Outsmarted by Viruses? New Research Suggests...
...that this is indeed the case.
Viruses inspire terror in some, even a fear of extinction. Take the HIV virus that causes AIDS, for example, which created quite a panic in the 80’s and 90’s. HIV is one of the fastest evolving entities, introducing changes to its genome with every cycle of replication.
Sloppy, or clever?
For years the cause of AIDS baffled scientists, until finally, a combination therapy seemed to provide a sense of relief. (How to Survive a Plague, a documentary on HIV AIDS, records the efforts made to find a cure from the perspective of an activist group.)
The panic inspired by HIV in the 80’s was reminiscent for many of 1918, a year that saw one of the more violent flu seasons in human history. Taubenberger and Morens write that an estimated 1/3 of the world’s population was infected during that year’s pandemic, and total death tolls were estimated to be around 50 million; in fact, more people died of the flu than in the whole of World War I.
Survival of the Fittest
The statistics are shocking, terrifying. Viruses have the magnificent, even awe-inspiring for some, ability to evolve extremely rapidly.
“They can double their population size in hours, and as a result, host-parasite interactions are rarely one-on-one,” says Helen Leggett, a post-graduate student at Oxford and author on a paper published recently in Current Biology that sought to uncover the viral strategies that evolved in response to “mixed infections”.
“Coinfections result in within-host competition between infecting strains, and [this] can select for a wide range of virus/ parasite strategies that have consequences for how harmful an infection is to the host.”
Leggett said that coinfections are likely to be common in natural environments, and theory suggests that alternating conditions (for example, between a single infection and a coinfection) are likely to lead to the ability of the organism to switch their behavior to “best suit the environmental setting”, or rather, to out-compete the intruder.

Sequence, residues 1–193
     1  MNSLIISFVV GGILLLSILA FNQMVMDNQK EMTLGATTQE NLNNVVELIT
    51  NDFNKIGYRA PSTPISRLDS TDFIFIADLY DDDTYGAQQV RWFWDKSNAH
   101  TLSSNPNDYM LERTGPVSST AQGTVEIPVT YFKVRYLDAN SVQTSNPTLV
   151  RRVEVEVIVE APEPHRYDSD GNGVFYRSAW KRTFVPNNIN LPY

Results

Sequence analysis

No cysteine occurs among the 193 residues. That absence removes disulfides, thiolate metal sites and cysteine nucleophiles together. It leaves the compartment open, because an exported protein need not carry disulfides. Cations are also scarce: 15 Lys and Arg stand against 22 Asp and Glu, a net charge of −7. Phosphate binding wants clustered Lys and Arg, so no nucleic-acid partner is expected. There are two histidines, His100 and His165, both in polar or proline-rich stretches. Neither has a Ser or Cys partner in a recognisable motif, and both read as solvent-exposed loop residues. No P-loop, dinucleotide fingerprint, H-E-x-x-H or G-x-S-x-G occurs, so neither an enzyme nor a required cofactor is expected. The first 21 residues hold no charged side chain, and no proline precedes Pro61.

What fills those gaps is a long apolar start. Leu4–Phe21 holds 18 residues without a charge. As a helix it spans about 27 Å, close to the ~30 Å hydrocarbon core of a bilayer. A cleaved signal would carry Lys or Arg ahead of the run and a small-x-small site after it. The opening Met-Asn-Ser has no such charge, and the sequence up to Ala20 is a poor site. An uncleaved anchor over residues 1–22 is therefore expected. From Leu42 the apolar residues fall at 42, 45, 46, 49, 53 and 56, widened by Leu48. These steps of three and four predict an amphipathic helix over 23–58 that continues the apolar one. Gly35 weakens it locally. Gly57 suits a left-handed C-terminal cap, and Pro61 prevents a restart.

In other words, survival of the fittest.
While these changing behaviors have been observed, the evolution of the strategy has not been documented.
The researchers grew up viruses in mixed infection conditions for six months, and observed their behavior by a number of parameters, all to see how they had adapted to living with a roommate.
In short, the viruses evolved the ability to switch their behavior from scratch. “When in mixed infections, the viruses switched their growth to kill hosts more rapidly. This allows them to dominate over other infecting viruses, since the other virus strains were not fully developed when the host cell burst.”
“The viruses only did so when in mixed infections”, said Legget. “Being able to detect the presence of a coinfecting strain and alter their behavior accordingly means that the virus has high fitness under both single and coinfection conditions – a “win-win” strategy!”
It’s likely that this ability has been bestowed upon many viruses, and there are implications for disease control – if viruses can alter their behavior so rapidly, then they are likely to evolve to overcome control measures.
That’s not news.
Can these findings help eradicate the flu? “Probably not,” said Legget. “Our results suggest that we’d need to infect people with more flu viruses in order to change its behavior, and this isn’t really possible.”
Still, the findings are important, proving that viruses can quickly evolve to maximize their spread, and this ought to impact our approach to disease control.